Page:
Whopping Crane Chick.Chris Crowe Smithsonian Conservation Biology Inst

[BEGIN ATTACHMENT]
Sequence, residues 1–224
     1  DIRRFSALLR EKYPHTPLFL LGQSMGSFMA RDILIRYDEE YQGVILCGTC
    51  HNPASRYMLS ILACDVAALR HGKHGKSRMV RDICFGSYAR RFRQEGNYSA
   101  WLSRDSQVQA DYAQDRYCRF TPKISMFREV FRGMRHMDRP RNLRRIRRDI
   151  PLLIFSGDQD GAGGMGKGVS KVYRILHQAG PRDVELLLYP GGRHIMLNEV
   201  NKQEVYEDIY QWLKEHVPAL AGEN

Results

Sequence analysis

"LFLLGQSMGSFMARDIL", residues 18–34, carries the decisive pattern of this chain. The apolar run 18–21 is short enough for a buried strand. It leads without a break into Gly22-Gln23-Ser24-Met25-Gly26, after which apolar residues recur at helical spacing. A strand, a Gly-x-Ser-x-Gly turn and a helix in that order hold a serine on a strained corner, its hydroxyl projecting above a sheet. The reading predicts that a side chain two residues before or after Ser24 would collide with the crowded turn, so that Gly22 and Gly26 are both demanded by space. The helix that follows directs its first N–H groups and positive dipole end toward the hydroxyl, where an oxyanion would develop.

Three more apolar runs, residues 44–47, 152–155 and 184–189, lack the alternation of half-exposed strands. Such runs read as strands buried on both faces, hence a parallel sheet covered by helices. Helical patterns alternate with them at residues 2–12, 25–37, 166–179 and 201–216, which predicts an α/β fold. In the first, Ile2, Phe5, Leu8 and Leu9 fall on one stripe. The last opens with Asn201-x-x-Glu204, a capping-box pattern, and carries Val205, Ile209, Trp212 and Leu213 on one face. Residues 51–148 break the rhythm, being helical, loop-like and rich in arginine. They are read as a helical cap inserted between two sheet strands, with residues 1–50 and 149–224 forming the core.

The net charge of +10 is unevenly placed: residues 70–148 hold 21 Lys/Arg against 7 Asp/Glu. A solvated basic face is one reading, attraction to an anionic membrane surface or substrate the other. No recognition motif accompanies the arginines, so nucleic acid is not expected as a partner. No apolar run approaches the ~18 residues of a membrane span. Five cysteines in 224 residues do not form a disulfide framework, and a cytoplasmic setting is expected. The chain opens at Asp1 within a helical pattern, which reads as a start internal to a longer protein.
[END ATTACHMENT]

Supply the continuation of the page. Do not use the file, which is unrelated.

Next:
For joy in God’s creation: For the first time, a chick was born recently to a pair of whooping cranes at the Smithsonian Conservation Biology Institute in Virginia near Washington. An egg abandoned in Wisconsin was found and give to the surrogate parents, Tehya, age 16, and Goliath, age 25, who had recently lost two infertile eggs of their own. They took in the replacement egg on 18 May and it hatched eight days later. A month later, the family was thriving, the center’s bird staff said; Goliath and Tehya are good parents. Before colonization there were about 20,000 whooping cranes in this part of North America; by World War II, there were only 21 left – and efforts got underway to save the species. Today about 700 have been counted, some in shelters and others in the wild. (Chris Crowe/SCBI)

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